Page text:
by Diana Winters
Today marks the one-year anniversary of the day the World Health Organization declared Covid-19 to be a global pandemic, and over this past year, the preexisting weaknesses, incapacities, and inequities of the national and global food system have been glaringly evident. From food and supply shortages, to disease outbreaks in meat production facilities, to the breakdown in school lunch distribution networks, to an enormous rise in food insecurity, the pandemic emergency brought the dangers of consolidation in the food system and shortsighted agricultural and nutrition policy to the forefront of public awareness.
Two recent reports, one by the New York City Mayor’s Office of Food Policy, and one by the Center for Good Food Purchasing, have outlined roadmaps toward a stronger food system.
Food Forward NYC is organized around five goals supporting a framework to lead to a ore healthy, equitable, and sustainable food system in a decade’s time. These goals are: (1) All New Yorkers have multiple ways to access healthy, affordable, and culturally appropriate food; (2) New York City’s food economy drives economic opportunity and provides good jobs; (3) The supply chains that feed New York City are modern, efficient, and resilient; (4) New York City’s food is produced, distributed, and disposed of sustainably; and to (5) Support the systems and knowledge to implement the 10-year food policy plan. Each of these goals will require collaboration among multiple stakeholders, and the Office of Food Policy will issue a biennial report as to the City’s progress.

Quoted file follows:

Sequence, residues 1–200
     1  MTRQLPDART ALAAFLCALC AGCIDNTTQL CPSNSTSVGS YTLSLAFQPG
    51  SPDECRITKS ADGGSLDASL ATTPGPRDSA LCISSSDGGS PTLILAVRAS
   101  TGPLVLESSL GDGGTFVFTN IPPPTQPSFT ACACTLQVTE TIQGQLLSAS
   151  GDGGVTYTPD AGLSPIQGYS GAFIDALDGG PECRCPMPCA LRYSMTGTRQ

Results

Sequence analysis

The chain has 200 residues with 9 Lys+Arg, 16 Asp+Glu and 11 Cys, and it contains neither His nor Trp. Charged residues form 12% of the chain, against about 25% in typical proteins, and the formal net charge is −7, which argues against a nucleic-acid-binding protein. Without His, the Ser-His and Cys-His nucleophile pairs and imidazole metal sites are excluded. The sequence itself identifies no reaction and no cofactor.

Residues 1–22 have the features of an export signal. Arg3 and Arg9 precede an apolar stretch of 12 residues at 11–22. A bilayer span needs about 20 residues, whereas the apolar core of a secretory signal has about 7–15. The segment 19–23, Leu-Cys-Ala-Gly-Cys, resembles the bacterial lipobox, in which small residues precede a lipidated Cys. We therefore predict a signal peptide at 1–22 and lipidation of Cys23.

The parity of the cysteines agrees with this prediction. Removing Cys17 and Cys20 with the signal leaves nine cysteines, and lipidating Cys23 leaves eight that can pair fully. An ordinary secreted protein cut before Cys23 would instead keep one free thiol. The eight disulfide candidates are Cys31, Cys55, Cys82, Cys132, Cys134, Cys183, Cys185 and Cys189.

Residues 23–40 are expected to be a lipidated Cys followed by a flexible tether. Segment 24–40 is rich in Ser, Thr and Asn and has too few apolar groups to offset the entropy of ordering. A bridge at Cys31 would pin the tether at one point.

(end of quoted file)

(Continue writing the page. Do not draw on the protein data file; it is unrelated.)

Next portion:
The Good Food Purchasing Program roadmap for the post-pandemic food system we need also posits a ten-year timeframe for the building of a stronger and better food system. The roadmap is built around five core values that support the Center for Good Food Purchasing’s program: Valued Workforce; Local Economies; Animal Welfare; Nutrition; and Environmental Sustainability, all of which are guided by equity, transparency, and accessibility. The roadmap is organized around three key pillars of success: (1) the power of partnerships; (2) shared goals and infrastructure, and; (3) transformational policies.
Both of these reports seek to utilize the observations and lessons drawn from the pandemic emergency’s impact on the food system so that as we rebuild, we recreate as well.